World’s oldest message in a bottle unearthed in Australia - KMOV.com

World’s oldest message in a bottle unearthed in Australia

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(Seven Network) (Seven Network)
(Seven Network) (Seven Network)
(Seven Network) (Seven Network)

(Meredith) – An Australian family uncovered the world’s oldest known message in a bottle, nearly 132 years after it was thrown into the ocean.

Seven Network reported that Tonya Illman found the bottle on a remote Perth beach while taking a walk.

After she realized what it was, she took the bottled message to some local experts from the Western Australian Museum, who confirmed its date of origin – June 12th, 1886.

The message came from the Paula, a German ship which experts said was on a naval observatory mission in the Indian Ocean.

At the time, German ships were conducting a 69-year experiment that involved throwing thousands of bottles into the sea to track ocean currents, according to experts.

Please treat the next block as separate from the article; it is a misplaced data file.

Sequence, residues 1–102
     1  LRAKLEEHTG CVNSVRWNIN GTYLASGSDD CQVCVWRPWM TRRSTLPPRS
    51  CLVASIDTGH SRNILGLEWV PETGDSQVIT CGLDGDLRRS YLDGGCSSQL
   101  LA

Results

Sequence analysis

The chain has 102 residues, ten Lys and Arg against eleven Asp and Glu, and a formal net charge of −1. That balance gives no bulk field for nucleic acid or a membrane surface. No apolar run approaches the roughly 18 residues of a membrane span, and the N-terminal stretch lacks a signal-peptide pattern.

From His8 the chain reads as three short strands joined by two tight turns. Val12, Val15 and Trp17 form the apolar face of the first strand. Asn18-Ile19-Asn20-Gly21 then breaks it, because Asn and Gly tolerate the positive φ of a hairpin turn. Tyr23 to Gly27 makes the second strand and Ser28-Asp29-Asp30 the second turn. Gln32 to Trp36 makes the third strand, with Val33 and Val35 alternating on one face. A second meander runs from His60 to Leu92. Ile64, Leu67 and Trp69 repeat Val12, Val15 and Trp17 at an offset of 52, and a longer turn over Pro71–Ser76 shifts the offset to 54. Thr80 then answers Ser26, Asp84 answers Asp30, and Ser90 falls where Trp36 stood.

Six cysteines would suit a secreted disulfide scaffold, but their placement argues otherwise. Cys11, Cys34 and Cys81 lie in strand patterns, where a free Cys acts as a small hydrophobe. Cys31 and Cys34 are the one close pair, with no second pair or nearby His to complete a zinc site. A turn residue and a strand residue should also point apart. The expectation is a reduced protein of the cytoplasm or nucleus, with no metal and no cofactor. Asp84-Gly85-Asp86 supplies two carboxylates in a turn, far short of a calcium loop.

The bottle was thrown into the ocean within a popular 19th-century shipping route, more than 500 miles from the coast of Australia.

The messages inside the bottle contained the ship’s coordinates, the date of the voyage, the name of the ship, ocean currents as well as a rolled up cigarette.

The message translated from its original German was as follows:

This bottle was thrown overboard on June 12, 1886 at latitude 32° 49’ South and longitude 105° 25’ from Greenwich East.

From: Bark Ship Paula, Port: Elsfleth, Captain: D [illegible], On her journey from Cardiff to Macassar.

The finder is requested to send the slip in the bottle to the German Naval Observatory in Hamburg or the nearest consulate for the return to the same agency after filling in the information on the back.

On the reverse is a form for finders to fill out:

Name of finder and notes on the condition of the bottle when it was found (if there was sand in it or not):

Date of finding? On…. st/nd/rd/th ……………….18……………… Exact time of finding? At…..Hours…..Min.

Exactly where found? Latitude ….° ……’

Experts said the handwriting of the messages matched original journal entries from the Paula.

Seven Network reported that of the thousands of message jettisoned from the German ships, 662 have been located and returned, but the last time one was uncovered was in 1934.

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